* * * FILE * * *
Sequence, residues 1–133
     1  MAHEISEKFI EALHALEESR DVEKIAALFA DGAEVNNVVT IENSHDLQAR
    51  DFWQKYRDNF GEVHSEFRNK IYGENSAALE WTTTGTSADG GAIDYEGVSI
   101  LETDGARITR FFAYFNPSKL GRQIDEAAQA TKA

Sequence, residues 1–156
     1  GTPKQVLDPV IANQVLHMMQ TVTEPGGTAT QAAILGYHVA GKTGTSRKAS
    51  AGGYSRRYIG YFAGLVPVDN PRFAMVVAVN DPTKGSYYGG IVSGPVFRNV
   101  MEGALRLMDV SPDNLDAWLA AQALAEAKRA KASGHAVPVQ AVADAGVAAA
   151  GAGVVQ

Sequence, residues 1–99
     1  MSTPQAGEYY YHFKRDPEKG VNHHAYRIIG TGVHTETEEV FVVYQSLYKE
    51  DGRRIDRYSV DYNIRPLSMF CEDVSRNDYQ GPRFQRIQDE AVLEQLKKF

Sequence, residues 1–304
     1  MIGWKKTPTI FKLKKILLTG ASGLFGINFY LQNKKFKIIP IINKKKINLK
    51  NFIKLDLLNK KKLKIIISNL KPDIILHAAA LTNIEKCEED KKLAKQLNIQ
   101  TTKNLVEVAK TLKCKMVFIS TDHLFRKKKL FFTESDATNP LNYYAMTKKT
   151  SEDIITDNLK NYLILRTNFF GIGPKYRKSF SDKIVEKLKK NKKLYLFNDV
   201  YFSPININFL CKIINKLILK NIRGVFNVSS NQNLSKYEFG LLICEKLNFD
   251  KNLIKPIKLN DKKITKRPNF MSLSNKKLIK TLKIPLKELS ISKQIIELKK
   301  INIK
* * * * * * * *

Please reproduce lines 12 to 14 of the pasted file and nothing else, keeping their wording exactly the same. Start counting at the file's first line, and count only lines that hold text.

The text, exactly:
    51  DGRRIDRYSV DYNIRPLSMF CEDVSRNDYQ GPRFQRIQDE AVLEQLKKF

Sequence, residues 1–304
     1  MIGWKKTPTI FKLKKILLTG ASGLFGINFY LQNKKFKIIP IINKKKINLK